LA RIOJA – or Todos los Santos de la Nueva Rioxa, as it was baptized at the end of the sixteenth century – is an indolent place, built in a flat-bottomed valley, watered by the Río Tajamar, 517km northeast of San Juan. It is not a sightseers’ city, but you can find enough to occupy a full day if passing through. Among the highlights are two of the country’s best museums of indigenous art, one archeological and the other with a folkloric slant. It is best visited in the spring (Oct–Nov), when the jacaranda trees are abloom, and the city is perfumed by the blossom of orange trees that have earned it the much-bandied sobriquet “Ciudad de los Naranjos”. In spite of the plentiful shade of this luxuriant vegetation, the blistering summer heat is refracted off the brutally arid mountains looming to the west and turns the city, notoriously one of the country’s hottest, virtually into a no-go zone. Whatever you do, avoid the midsummer, when temperatures can get up to 45°C.

Brief history

La Rioja came into being on May 20, 1591, when the governor of Tucumán, Juan Ramírez de Velasco, a native of La Rioja in Castile, founded the city in its strategic valley location. Today’s main Plaza 25 de Mayo coincides exactly with the spot he chose. Ramírez de Velasco had set out on a major military expedition to populate the empty spaces of the Viceroyalty and subdue the native Diaguitas, who had farmed the fertile oasis for centuries. La Nueva Rioxa, the only colonial settlement for leagues around, soon flourished and Ramírez de Velasco felt justified in boasting in a letter that it was “one of the finest cities in the Indies”.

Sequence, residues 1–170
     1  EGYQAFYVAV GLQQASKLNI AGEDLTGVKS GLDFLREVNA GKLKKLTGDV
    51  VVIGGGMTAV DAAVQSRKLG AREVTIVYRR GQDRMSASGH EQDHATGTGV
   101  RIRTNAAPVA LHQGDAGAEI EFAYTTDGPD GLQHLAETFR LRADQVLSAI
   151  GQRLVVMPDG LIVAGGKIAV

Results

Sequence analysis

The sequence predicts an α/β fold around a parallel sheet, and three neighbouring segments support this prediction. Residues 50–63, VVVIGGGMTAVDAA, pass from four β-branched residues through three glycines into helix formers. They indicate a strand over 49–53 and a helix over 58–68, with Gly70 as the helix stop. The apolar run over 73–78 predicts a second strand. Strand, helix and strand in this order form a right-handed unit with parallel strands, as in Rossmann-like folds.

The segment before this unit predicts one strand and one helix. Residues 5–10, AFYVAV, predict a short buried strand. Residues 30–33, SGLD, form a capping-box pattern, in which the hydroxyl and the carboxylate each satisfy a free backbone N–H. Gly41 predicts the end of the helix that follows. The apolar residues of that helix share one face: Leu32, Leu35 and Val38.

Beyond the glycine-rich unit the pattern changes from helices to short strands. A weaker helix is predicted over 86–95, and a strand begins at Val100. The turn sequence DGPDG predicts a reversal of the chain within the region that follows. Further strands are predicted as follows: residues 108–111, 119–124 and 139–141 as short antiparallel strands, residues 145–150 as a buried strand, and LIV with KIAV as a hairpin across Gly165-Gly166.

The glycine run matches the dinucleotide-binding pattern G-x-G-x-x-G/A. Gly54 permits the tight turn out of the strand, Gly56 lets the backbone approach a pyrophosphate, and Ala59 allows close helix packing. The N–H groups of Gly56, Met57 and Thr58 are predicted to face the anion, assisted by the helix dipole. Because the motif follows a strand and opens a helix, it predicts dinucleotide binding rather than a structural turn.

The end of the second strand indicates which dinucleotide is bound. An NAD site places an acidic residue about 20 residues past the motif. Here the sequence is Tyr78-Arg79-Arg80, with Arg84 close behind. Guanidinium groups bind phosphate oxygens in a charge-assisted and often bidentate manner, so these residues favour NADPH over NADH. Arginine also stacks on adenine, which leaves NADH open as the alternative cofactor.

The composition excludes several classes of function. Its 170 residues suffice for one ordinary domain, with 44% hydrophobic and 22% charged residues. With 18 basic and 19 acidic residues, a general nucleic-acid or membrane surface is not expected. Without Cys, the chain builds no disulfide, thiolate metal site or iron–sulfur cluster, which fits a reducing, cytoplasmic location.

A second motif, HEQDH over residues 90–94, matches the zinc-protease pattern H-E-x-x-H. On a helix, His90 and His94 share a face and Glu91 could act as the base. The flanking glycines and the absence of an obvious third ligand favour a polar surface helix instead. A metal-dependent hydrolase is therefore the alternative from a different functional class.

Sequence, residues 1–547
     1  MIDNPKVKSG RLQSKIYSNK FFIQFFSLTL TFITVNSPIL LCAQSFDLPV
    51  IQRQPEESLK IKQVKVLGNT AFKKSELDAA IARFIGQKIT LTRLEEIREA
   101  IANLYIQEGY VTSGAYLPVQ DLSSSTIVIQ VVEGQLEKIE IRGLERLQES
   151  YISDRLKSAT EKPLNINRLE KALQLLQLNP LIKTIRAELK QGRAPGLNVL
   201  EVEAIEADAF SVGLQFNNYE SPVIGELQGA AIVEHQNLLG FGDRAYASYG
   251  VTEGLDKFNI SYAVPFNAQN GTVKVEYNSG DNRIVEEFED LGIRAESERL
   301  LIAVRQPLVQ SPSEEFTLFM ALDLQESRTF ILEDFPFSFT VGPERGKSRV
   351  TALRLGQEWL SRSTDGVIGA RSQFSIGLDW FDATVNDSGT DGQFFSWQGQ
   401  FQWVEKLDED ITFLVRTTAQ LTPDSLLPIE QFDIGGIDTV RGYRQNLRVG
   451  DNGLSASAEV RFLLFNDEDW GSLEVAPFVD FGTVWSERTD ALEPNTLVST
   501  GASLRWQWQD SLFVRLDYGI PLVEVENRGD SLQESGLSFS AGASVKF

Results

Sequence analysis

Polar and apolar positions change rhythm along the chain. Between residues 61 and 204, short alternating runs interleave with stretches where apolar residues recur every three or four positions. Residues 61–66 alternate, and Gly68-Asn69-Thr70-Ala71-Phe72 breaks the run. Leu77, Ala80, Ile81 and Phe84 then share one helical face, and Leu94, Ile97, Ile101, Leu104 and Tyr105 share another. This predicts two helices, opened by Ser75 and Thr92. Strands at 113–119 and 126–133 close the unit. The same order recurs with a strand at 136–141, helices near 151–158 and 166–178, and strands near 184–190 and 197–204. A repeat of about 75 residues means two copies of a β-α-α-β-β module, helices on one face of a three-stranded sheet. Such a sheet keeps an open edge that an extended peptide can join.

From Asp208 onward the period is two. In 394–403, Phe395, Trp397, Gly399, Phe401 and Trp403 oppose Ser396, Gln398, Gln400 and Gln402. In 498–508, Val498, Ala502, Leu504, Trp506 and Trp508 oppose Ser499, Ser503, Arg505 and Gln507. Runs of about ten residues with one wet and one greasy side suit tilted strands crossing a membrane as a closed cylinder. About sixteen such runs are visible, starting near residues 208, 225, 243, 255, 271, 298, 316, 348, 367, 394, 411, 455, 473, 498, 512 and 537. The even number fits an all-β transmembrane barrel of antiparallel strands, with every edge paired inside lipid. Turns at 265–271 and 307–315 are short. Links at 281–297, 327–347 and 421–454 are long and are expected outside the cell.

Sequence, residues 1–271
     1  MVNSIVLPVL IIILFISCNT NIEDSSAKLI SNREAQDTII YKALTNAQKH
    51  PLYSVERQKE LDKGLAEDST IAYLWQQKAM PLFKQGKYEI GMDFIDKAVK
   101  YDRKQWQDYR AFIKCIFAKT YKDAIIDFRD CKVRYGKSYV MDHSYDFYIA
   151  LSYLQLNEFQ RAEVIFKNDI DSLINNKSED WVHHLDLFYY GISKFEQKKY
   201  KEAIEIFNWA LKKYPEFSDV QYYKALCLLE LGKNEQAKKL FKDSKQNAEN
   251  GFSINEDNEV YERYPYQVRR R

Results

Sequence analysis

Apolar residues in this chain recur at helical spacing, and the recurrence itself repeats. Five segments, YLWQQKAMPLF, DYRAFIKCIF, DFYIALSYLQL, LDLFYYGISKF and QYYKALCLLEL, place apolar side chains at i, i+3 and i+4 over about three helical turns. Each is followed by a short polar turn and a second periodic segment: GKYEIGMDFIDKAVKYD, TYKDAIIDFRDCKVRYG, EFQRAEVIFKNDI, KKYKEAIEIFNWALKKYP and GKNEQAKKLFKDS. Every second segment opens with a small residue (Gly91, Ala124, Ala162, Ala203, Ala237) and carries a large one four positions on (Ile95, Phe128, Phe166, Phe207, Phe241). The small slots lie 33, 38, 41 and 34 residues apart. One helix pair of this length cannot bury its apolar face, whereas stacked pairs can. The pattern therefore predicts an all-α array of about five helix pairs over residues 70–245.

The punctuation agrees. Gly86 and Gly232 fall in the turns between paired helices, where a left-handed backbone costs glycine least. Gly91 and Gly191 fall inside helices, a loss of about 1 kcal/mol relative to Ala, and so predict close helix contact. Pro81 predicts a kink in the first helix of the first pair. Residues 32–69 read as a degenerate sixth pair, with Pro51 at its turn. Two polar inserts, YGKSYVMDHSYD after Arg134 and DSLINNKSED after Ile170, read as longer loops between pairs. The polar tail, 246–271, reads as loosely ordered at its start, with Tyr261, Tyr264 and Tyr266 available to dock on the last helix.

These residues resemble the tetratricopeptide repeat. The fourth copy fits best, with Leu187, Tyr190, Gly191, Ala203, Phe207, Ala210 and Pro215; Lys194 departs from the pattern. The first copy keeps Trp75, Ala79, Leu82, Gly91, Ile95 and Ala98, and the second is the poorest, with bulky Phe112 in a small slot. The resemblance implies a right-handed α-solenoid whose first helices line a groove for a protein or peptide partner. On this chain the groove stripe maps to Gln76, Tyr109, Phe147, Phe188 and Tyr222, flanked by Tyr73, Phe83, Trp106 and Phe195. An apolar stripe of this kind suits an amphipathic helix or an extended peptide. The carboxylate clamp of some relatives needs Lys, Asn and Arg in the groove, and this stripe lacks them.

From it, mainly Franciscan missionaries set about fulfilling Ramírez de Velasco’s other aim of converting the indigenous peoples. Their convent and that of the Dominicans, one of the oldest in Argentina, both miraculously survived the earthquake that flattened most of the old colonial city in 1894. The whole city was rebuilt, largely in a Neocolonial style that was intended to restore its former glory, but long decades of neglect by the central government were to follow. La Rioja did not even benefit as much as it hoped it would when Carlos Menem, scion of a major La Rioja wine-producing family was elected president in 1990. There are signs that La Rioja is beginning to diversify away from its agricultural base, although the city, with a current population of about 150,000, is still regarded by most Argentines as a rather arid backwater.

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